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Vol. 110. Issue 5.
Pages 366-371 (June 2019)
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Vol. 110. Issue 5.
Pages 366-371 (June 2019)
Original Article
DOI: 10.1016/j.adengl.2019.04.006
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Dermoscopic Analysis of 72 “Atypical” Seborrheic Keratoses
Análisis dermatoscópico de 72 queratosis seborreicas «atípicas»
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M. Mazzeo
Corresponding author
mauromazzeo@hotmail.it

Corresponding author.
, V. Manfreda, L. Diluvio, A. Dattola, L. Bianchi, E. Campione
Departamento de Dermatología, Universidad de Tor Vergata, Roma, Lazio, Italia
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Tables (2)
Table 1. List of melanocytic and the non-melanocytic features with percentage of presentation in our population study. The asterisks mark additional criteria not included in the two-step algorithm but found in our report.
Table 2. Summary table concerning the correlation between our dermatoscopic findings and histopathologic features.
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Abstract
Background

Seborrheic keratoses (SK) are easily recognizable by clinical and dermoscopic approach, nevertheless, some lesions act as a simulator of different skin conditions lacking typical clinical and dermoscopic criteria.

Objective

The aim of our study was to find specific dermoscopic features or a global pattern to improve diagnostic skills for challenging SK.

Materials and methods

We examined 72 atypical SK excised from September 2014 up to September 2017 by using the 2-step algorithm modified by Malvehy (2002) and Argenziano (2003).

Results

In our study population, an average of 4.04 out of 15 dermoscopic specific criteria for SK was found (for example, multiple milia-like cysts). Additional criteria not included in 2-step algorithm were blue-whitish veil (found in 3 SK; 4.2%), polymorphous vessels (18 SK; 25%), blotch/globules (6 SK; 8.3%), shiny white streaks (3 lesions; 4.2%). The most represented global patterns were reticular (27 SK; 37.5%) and not specific (15 SK; 20.8%). All lesions exhibited peculiar findings of SK, furthermore elements suggestive for melanocytic lesion were found in 79.2% of all lesions. Comparing the literature and our results, we found 3 significant differences: a) the less prevalence of SK specific criteria in our study population; b) the description of findings usually not related to SK, among which blue-whitish veil, polymorphous vessels, blotch/globules and shiny white streaks, and c) 2 patterns not previously defined represented by “not specific pattern” (20.9% of all lesions examined) and “vascular pattern” (12.5% of all lesions examined) were also described. No specific feature or global pattern, statistically significant for dermoscopic diagnosis of difficult-to-diagnose SK have been found.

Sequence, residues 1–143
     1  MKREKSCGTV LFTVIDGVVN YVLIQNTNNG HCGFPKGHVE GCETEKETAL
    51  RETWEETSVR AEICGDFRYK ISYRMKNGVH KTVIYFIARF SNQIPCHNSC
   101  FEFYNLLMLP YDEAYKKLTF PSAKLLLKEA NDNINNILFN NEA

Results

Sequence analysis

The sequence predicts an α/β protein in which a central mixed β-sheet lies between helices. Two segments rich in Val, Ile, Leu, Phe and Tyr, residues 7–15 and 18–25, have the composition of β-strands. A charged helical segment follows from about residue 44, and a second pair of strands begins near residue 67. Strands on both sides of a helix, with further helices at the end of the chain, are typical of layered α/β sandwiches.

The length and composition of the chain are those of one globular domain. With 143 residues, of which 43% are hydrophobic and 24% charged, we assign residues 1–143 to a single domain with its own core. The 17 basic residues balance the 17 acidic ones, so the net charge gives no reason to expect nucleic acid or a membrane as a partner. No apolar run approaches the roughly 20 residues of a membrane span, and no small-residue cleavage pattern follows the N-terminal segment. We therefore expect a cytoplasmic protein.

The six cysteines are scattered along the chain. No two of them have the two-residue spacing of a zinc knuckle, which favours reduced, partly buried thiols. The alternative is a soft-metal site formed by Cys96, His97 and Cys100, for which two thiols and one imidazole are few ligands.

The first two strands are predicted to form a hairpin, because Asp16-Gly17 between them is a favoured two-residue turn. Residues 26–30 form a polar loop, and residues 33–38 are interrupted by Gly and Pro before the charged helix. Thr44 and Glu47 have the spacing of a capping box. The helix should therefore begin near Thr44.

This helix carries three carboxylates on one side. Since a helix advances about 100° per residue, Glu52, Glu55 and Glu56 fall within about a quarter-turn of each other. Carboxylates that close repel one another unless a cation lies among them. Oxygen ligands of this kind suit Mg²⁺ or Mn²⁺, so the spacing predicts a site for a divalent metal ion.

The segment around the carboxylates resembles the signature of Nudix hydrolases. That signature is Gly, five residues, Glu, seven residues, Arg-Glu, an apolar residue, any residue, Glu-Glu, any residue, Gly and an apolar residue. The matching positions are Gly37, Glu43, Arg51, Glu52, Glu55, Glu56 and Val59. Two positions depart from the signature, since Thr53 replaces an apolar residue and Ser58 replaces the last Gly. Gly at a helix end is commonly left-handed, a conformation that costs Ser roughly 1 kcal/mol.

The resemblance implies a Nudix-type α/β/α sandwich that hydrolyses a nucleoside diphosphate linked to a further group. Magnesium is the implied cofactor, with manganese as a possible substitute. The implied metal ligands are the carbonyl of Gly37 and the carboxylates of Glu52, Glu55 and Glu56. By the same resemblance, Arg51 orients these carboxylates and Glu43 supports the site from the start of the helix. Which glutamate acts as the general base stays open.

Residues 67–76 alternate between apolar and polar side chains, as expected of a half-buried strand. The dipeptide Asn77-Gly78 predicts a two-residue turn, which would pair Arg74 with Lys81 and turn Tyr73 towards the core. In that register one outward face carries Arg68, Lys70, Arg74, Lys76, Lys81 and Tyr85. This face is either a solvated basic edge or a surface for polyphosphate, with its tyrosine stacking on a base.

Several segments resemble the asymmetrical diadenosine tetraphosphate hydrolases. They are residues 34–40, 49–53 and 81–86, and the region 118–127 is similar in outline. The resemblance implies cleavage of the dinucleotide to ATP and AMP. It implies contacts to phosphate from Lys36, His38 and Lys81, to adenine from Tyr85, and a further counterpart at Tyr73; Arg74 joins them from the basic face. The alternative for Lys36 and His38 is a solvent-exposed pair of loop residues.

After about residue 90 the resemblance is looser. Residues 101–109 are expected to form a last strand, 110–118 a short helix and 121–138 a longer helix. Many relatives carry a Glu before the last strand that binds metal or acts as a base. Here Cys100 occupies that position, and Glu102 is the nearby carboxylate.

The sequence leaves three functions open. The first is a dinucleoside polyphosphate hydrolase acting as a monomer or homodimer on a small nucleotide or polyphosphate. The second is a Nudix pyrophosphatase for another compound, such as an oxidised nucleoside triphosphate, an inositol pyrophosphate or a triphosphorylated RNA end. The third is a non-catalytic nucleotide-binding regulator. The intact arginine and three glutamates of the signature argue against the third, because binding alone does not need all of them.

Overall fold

Conclusion

Nevertheless the useful findings, no specific feature or global pattern statistically significant for dermoscopic diagnosis of challenging SK have been found. According to the 2-step algorithm and the dermatoscopic scoring system for melanocytic and not melanocytic lesion, SK with one or more dermatoscopic findings typical of melanocytic lesion should be removed surgically to exclude classic melanoma or melanoma mimicking SK.

Keywords:
Dermoscopy
Seborrheic keratoses
Melanoma, atypical
Seborrheic keratoses
Resumen
Antecedentes

Las queratosis seborreicas (QS) son reconocidas con facilidad a través de una aproximación clínica y dermatoscópica, sin embargo, algunas lesiones presentan un comportamiento que simula distintas afecciones de la piel que carecen de criterios clínicos y dermatoscópicos típicos.

Objetivo

El objetivo de este estudio fue encontrar características dermatoscópicas específicas o un patrón general que permita mejorar las habilidades diagnósticas en los casos de QS complejas.

Materiales y métodos

Estudiamos 72 casos de QS atípicas extirpadas entre septiembre del 2014 y septiembre del 2017 utilizando para ello el algoritmo en 2 pasos modificado por Malvehy (2002) y Argenziano (2003).

Resultados

En nuestra población de estudio, encontramos una media de 4,04 de los 15 criterios específicos dermatoscópicos de QS (por ejemplo, múltiples puntos similares a quistes tipo milium). Se identificaron los siguientes criterios adicionales no incluidos en el algoritmo en 2 pasos: velo azul-blanquecino (en 3 QS; 4,2%), patrón vascular polimorfo (18 QS; 25%), manchas/glóbulos (6 QS; 8,3%), manchas blancas brillantes (3 lesiones; 4,2%). Los patrones generales más representados fueron el patrón reticular (27 QS; 37,5%) y no específico (15 QS; 20,8%). Todas las lesiones exhibieron hallazgos peculiares de QS; además, en el 79,2% de todas las lesiones estudiadas se identificaron elementos indicativos de lesión melanocítica. Cuando comparamos la literatura con nuestros resultados, encontramos 3 diferencias significativas: a) una menor prevalencia de los criterios específicos de QS en nuestra población de estudio; b) la identificación de hallazgos generalmente no relacionados con la QS, como el velo azul-blanquecino, el patrón vascular polimorfo, las manchas/glóbulos y las manchas blancas brillantes, y c) también se describieron 2 patrones no definidos previamente representados por «patrón no específico» (20,9% de todas las lesiones examinadas) y «patrón vascular» (12,5% de todas las lesiones examinadas). No se encontró ninguna característica específica o patrón general estadísticamente significativo para el diagnóstico dermatoscópico de QS de diagnóstico difícil.